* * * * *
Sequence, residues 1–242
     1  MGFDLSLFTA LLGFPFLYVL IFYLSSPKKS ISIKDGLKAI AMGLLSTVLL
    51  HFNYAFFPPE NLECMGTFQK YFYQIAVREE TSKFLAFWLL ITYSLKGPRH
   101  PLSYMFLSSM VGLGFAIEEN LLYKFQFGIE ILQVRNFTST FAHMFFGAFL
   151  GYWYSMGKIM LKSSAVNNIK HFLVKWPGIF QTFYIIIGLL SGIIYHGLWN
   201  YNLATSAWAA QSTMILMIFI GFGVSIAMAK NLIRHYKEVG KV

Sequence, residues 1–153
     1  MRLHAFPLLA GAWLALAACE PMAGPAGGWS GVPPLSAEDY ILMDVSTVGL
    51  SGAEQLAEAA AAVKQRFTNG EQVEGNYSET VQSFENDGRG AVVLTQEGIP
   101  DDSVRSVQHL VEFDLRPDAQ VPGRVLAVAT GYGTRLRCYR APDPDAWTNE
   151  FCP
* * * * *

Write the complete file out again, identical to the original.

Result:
Sequence, residues 1–242
     1  MGFDLSLFTA LLGFPFLYVL IFYLSSPKKS ISIKDGLKAI AMGLLSTVLL
    51  HFNYAFFPPE NLECMGTFQK YFYQIAVREE TSKFLAFWLL ITYSLKGPRH
   101  PLSYMFLSSM VGLGFAIEEN LLYKFQFGIE ILQVRNFTST FAHMFFGAFL
   151  GYWYSMGKIM LKSSAVNNIK HFLVKWPGIF QTFYIIIGLL SGIIYHGLWN
   201  YNLATSAWAA QSTMILMIFI GFGVSIAMAK NLIRHYKEVG KV

Sequence, residues 1–153
     1  MRLHAFPLLA GAWLALAACE PMAGPAGGWS GVPPLSAEDY ILMDVSTVGL
    51  SGAEQLAEAA AAVKQRFTNG EQVEGNYSET VQSFENDGRG AVVLTQEGIP
   101  DDSVRSVQHL VEFDLRPDAQ VPGRVLAVAT GYGTRLRCYR APDPDAWTNE
   151  FCP